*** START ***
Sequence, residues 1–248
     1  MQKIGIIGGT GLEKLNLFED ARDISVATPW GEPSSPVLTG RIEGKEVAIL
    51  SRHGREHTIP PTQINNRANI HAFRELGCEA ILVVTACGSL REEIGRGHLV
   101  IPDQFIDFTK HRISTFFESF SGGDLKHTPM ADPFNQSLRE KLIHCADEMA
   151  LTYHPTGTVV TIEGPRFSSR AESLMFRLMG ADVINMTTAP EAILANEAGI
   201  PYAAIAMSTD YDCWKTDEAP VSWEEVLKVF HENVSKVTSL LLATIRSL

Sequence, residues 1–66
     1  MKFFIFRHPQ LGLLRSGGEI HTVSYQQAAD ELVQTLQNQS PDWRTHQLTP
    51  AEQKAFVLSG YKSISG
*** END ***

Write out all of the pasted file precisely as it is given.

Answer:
Sequence, residues 1–248
     1  MQKIGIIGGT GLEKLNLFED ARDISVATPW GEPSSPVLTG RIEGKEVAIL
    51  SRHGREHTIP PTQINNRANI HAFRELGCEA ILVVTACGSL REEIGRGHLV
   101  IPDQFIDFTK HRISTFFESF SGGDLKHTPM ADPFNQSLRE KLIHCADEMA
   151  LTYHPTGTVV TIEGPRFSSR AESLMFRLMG ADVINMTTAP EAILANEAGI
   201  PYAAIAMSTD YDCWKTDEAP VSWEEVLKVF HENVSKVTSL LLATIRSL

Sequence, residues 1–66
     1  MKFFIFRHPQ LGLLRSGGEI HTVSYQQAAD ELVQTLQNQS PDWRTHQLTP
    51  AEQKAFVLSG YKSISG